I got my shot! For a procrastinator such as myself, that is a big deal. I usually wait for priorities to set themselves. Toilet won’t flush? Better fix it now. Last day before tax filing deadline? Better file the taxes. My supply of chocolate-covered peanuts is down to one nut? Uhmmmmm, I’ll wait until the last one is gone.

But getting a vaccine for a virus I have managed to avoid for the past year just seemed like one of those things I could put off. My wife already had her first and second shots, but I was still making excuses: the closest possible place didn’t have my vaccine of choice, or wasn’t taking new appointments. Oh well, I tried, leaving me no choice but to put it off.

When I mentioned I had a clear preference for the type of vaccine, you may have thought “he should take whatever they have.” First of all, how dare you judge me, and second, I would have loved to have been that flexible, but ever since Johnson & Johnson announced that only one shot was required, I was sold. I knew it would be difficult enough to push myself into one appointment, let alone two. Even after the 10-day delay, I was still game, since the tiny fraction of recipients affected made my chances of being fine with it astronomically high.

Oh sure, there was that little bit of paranoia that feeds those pesky negative thoughts to my brain: “What if you’re one of the unlucky ones?” On the other side of the coin, this is like the optimism that tells you: “Buy a Powerball ticket! Somebody has to win!”

When a nearby location offered my vaccine of choice and had available appointments, I ran out of excuses. Yet my finger still hesitated over the “Make appointment” tab on my iPad.

A new excuse came to mind: There is a governor of some state that is offering $100 savings bonds for the young to get vaccinated. Some bars are offering a free shot of booze with a shot of vaccine. What other little perks might come along that could benefit me in some way? What if I miss out on a free oil change, or gas points at my local Hy-vee? Then something happened, giving me a clearer perspective.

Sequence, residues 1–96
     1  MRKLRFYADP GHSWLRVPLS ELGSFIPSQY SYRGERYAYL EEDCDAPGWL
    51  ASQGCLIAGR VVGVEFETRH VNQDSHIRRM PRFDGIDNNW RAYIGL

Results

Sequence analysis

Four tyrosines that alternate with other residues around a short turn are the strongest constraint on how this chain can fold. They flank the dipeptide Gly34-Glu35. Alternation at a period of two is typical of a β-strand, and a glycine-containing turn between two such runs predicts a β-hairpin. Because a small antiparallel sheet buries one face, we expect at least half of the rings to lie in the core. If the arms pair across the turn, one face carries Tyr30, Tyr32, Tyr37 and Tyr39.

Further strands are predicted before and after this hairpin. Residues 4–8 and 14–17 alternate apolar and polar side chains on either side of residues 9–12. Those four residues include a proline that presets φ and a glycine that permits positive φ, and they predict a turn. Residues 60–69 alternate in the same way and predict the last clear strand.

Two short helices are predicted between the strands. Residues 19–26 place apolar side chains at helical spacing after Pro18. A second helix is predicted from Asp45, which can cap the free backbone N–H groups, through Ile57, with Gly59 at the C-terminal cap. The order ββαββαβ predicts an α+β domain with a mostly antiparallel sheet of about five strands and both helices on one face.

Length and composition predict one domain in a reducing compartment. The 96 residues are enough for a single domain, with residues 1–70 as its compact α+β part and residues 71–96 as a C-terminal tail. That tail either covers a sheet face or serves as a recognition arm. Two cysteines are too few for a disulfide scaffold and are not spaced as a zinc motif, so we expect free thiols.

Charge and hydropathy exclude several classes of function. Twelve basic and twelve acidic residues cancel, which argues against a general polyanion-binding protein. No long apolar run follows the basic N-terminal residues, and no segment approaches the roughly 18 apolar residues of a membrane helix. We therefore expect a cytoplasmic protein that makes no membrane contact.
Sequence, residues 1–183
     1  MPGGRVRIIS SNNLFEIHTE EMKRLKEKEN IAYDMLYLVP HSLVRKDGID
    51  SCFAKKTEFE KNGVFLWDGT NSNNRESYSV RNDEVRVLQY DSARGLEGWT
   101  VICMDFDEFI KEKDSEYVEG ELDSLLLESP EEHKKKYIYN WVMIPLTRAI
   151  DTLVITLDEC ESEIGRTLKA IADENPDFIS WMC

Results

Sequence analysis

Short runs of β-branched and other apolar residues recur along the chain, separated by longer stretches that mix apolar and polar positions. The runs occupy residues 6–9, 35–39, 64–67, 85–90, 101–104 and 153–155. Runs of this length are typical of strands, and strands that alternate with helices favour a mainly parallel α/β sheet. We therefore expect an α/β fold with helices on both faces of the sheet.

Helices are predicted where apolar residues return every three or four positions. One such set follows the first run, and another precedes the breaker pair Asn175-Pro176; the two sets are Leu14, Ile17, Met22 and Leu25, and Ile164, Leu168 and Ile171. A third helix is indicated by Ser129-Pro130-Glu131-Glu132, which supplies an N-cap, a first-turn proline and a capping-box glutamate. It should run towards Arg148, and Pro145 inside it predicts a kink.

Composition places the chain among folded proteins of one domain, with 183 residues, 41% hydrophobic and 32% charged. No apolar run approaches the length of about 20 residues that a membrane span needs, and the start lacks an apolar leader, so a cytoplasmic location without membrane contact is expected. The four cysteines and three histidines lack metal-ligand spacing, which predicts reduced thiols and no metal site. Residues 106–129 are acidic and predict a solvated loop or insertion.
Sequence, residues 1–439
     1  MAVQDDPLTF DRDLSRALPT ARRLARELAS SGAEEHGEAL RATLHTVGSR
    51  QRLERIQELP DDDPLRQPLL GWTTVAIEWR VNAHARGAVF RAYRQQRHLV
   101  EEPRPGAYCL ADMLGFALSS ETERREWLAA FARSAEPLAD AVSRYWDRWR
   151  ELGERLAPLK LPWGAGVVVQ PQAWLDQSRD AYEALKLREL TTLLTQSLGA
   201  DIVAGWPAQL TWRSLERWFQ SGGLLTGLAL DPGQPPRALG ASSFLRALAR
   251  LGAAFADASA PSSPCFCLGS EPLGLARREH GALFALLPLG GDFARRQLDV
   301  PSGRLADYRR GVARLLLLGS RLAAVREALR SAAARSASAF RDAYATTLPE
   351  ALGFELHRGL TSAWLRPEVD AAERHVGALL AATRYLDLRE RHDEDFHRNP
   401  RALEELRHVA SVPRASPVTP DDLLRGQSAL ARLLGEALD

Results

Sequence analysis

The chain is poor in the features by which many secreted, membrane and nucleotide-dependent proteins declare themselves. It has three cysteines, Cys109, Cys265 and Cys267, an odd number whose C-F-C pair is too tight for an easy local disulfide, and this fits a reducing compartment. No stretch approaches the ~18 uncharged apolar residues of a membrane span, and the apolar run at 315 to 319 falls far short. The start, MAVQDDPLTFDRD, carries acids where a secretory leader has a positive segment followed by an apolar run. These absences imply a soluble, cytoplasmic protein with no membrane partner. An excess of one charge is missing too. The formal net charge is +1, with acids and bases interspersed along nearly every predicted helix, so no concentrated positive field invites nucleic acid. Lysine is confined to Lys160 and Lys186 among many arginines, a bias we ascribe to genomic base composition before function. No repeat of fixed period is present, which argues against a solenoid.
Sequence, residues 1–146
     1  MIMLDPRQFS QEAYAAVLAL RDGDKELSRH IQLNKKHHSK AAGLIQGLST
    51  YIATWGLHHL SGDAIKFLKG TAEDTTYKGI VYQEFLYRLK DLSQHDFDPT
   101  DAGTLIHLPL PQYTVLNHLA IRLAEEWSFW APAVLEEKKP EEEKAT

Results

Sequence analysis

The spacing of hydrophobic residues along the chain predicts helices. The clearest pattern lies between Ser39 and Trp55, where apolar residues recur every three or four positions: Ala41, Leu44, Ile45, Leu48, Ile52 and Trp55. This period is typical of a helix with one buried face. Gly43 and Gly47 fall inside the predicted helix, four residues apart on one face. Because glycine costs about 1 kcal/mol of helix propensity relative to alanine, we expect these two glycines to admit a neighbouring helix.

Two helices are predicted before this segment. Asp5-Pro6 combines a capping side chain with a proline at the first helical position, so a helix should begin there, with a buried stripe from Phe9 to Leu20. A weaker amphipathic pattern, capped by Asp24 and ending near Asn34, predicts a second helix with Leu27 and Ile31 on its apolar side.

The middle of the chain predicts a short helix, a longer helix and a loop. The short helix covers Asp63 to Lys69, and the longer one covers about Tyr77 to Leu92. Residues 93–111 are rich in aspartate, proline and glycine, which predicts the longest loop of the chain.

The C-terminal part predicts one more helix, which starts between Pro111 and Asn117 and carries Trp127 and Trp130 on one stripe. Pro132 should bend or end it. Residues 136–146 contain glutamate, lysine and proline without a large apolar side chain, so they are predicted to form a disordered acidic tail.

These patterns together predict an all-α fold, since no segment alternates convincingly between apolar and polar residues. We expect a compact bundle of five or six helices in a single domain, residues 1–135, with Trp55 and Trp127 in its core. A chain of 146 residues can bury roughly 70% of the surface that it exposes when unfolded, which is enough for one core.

I was at a nearby store and up ahead of me in line was a gentleman with a bad cough. Well, that’s putting it lightly. He was hacking his lungs out and the audible was far more disturbing than the visible, which was bad enough. The force of each cough was strong enough to blow his loosely-fitting mask away from his face, which was already hanging below his nose. I stood watching in horror as he punched the credit card keypad (the same one I would soon be using) and had to ask myself, “Do I really need these chocolate covered peanuts?”

Just then another register opened, and I ran to it with the speed that won Jesse Owens a gold medal in 1936. I don’t know that the man coughing had COVID, but it made me painfully aware that COVID is still out there.

So, I made my appointment. It was fast, easy and relatively painless. Afterwards, it crossed my mind how many lives were lost, and the many who were afflicted by hospital stays and long-term side effects. I’m sure the family and friends of the victims and also the survivors who suffered the most would have loved to avoid or mitigate everything they went through with a simple shot.

With great relief and satisfaction for a job well done, I put the card in my wallet and got down to less important matters: Should I mow my lawn, or wait till the city leaves a note on my door?

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